Honey bees are valuable pollinators playing an important role in both
native and agricultural crop production. Beekeepers keep bees in wooden
manufactured hives, but the most common natural nest site for bees is
a hollow tree or other cavity. Occasionally, honey bees may use a wall
void or attic space in a house as a nesting site. In these situations,
the decision to take action depends upon the circumstances. Here are some
common questions asked by people who discover bees nesting within their
For more information about bees, visit the NCSU
Apiculture Program website.
- Will the bees cause any damage to my house?
NO. Honey bees will do no structural damage to a building. Unlike
other pests, such as termites or carpenter bees, honey bees do not chew
or eat wood. Some people choose to leave the colony alone and have had
bees inside a wall for many years. If you do decide to exterminate them,
any large quantities of honey left behind should be removed to avoid
staining and destruction of inside walls or ceilings. The honey and
nest debris may also attract other insects pests and rodents.
- When did they move in?
Honey bees reproduce by swarming where part of the old colony leaves
to seek a new homesite. Swarming occurs mostly during the months of
April and May. If you notice bees in your house at another time of year,
especially summer, chances are great that they have been there since
spring and you have just now noticed them.
- Can I just plug up the hole and suffocate
If the entrance hole is plugged, the bees will look for another exit.
They may find another crack or opening or they could follow light and
enter your living quarters instead through gaps in baseboard, electrical
outlets or vents.
- Can a beekeeper come and take out the bees?
Yes. However, removing the bees usually takes a lot of time and effort
once they've moved within a wall. The value of the bees, alone, is not
sufficient to justify the effort and liability of involved in removing
them. Fewer and fewer beekeepers are willing to do this, and those who
do, often charge a fee and may still leave the responsibility of any
repairs up to the homeowner. Be sure that you agree about price and
what is expected in this service. Contact your county Cooperative
Extension Office and ask if there is a list of local beekeepers
who perform this service.
- Can the bees be trapped out or made to leave?
Trapping is sometimes done, but it is rarely practical because it
takes several weeks and doesn't remove 100% of the bees. After one or
two days in a cavity, almost no amount of prodding or trickery will
cause them to leave on their own.
- Is it illegal to kill
Many pesticide labels include warnings to avoid spraying flowering
plants or crops outdoors where honey bees are likely to be foraging
for nectar and pollen (e.g., in a garden or planted field). In those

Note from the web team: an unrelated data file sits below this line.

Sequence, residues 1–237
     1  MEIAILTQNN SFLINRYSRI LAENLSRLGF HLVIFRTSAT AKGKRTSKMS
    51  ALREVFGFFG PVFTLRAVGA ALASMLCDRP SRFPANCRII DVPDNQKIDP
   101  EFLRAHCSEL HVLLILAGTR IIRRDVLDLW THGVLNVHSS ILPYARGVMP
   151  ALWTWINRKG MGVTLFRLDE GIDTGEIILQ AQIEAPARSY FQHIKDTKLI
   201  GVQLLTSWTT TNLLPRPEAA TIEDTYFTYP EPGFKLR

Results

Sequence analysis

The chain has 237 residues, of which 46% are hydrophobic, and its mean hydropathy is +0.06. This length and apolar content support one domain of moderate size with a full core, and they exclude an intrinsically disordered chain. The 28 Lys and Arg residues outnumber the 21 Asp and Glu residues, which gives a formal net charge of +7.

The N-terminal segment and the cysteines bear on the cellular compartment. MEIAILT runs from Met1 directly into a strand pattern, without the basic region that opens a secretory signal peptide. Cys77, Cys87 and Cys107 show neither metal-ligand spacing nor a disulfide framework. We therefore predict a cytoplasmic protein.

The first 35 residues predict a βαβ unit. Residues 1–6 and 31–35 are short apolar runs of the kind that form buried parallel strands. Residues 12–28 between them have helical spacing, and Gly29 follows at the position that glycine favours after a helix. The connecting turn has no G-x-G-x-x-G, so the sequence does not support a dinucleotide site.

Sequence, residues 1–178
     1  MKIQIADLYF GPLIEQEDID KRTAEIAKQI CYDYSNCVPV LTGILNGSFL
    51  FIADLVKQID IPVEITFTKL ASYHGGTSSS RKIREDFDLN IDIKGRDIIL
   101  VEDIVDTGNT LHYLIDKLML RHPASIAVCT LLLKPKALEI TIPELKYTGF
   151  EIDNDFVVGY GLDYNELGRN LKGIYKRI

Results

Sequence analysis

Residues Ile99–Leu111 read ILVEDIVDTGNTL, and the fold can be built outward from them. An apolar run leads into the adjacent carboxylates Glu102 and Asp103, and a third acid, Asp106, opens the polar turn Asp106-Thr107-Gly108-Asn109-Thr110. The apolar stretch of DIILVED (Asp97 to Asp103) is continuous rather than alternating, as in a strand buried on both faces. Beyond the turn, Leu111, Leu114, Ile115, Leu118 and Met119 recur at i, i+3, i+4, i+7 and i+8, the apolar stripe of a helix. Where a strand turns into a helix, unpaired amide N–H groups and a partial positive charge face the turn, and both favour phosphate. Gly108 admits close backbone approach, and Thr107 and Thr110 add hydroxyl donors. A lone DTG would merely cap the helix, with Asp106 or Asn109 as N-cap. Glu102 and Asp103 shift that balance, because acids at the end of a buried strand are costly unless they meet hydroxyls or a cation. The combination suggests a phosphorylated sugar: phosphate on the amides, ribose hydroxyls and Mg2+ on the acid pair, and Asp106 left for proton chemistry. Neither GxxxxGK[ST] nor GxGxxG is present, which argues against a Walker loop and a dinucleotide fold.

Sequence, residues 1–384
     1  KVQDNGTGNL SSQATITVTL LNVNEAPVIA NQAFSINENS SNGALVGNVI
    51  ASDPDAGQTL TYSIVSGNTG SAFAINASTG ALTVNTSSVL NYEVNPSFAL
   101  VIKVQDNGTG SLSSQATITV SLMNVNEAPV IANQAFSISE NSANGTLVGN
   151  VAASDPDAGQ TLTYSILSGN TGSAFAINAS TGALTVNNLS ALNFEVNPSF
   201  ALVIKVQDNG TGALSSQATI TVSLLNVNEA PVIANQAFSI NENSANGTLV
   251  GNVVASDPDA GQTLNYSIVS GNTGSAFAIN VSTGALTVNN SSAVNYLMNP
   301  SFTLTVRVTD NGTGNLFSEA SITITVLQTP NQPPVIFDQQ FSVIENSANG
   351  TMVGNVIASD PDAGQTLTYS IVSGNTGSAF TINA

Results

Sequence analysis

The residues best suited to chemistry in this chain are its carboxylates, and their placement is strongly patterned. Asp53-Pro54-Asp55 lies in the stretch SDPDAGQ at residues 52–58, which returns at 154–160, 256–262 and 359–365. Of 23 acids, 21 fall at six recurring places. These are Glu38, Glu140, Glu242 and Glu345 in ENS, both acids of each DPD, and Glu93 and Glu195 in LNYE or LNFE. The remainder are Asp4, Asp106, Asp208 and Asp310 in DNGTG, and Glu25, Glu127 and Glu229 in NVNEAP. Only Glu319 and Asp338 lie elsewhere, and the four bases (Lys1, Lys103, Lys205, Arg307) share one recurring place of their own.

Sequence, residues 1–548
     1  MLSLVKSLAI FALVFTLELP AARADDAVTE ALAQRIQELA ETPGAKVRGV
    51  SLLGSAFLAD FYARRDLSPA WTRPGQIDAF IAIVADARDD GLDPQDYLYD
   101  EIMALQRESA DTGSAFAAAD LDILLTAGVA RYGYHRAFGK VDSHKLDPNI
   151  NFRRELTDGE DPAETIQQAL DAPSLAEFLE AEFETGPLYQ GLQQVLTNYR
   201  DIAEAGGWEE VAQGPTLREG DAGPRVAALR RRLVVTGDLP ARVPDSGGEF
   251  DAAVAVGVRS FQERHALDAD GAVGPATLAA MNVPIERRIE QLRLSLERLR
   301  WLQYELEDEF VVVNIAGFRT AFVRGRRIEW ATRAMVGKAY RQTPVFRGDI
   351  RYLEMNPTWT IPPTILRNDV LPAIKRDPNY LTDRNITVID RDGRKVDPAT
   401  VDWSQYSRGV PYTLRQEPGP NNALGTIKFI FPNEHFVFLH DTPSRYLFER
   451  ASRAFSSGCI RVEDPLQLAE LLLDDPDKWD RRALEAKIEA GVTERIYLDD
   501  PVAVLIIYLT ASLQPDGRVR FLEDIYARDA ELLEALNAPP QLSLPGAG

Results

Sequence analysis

situations, it is important to obey the labeling to help protect the
bees. However, when bees invade a home,
or a colony is a threat
, you have the right to remove them (preferably) or to kill them if
- Why isn't simply spraying the bees sufficient
to solve the problem?
A honey bee colony within a wall can be killed with insecticide by the
homeowner or a licensed pest control operator. However, if the bees
have been in the wall for more than a few days, wax combs and honey
may already be stored within the wall. The longer the colony has been
there, the greater is the likelihood that large amounts comb and honey
have accumulated. There may be as much as 40 pounds of honey within
a wall by the end of spring. The remaining honey and wax could eventually
ferment and run down the wall or ceiling, so it should be removed after
the bees are killed in the best way possible. The greatest amount of
honey will likely be found at the end of spring and the least amount
found at the end of winter. Large quantities of decaying bees may also
attract carpet beetles which could, in turn, attack natural fibers materials
(e.g., wool, fur, or silk) within the house.
- How do I spray the nest?
Use an aerosol "bee and wasp" spray; the kind typically found
in most lawn & garden centers or retail stores. Spray the chemical
directly into the entrance hole during the evening hours, when all adults
are most likely inside. If you're spraying overhead, protect yourself
from any chemical mists that drift down toward you. If you need to use
a ladder to reach the nest, be extremely careful. The spray may cause
the bees to fly out of the nest toward you. Wear long-sleeved shirt
and pants and a hat, if it makes you feel more confident. If the colony
has been active in the wall for more than two or three weeks, consider
opening the space to remove any wax and honey. Once the bees and nest
material have been removed, fill the void with insulation, caulk or
close off the entrance so that future swarms will not be attracted to
the same cavity.
- Why didn't the spray kill them?
The insecticide must contact the colony to be effective. Sometimes
the nest area is not close to the opening. Try to locate the exact
nest area by tapping the wall and listening. If necessary, a quarter-inch
hole may be drilled into the wall to introduce the insecticide. In
this case use a pesticide product that has a "crack & crevice"
tool (a straw-like attachment for the nozzle that allows you to inject
the chemical into the void).
- Are there other house-nesting insects that
might be mistaken for honey bees?
Yes. Yellow jackets sometimes build a nest
in a wall cavity, as do honey bees, and many people are not able to
distinguish the two insects. The difference is important because yellow
jackets do no build wax combs, do not store honey, and their colonies
die out each year by spring. If you have questions about which insect
may be nesting in your wall, collect one of the adults and send it to
your county Cooperative
Extension Service Center for identification.
S.B. Bambara, J. T. Ambrose and M. G. Waldvogel
Entomology Extension Specialists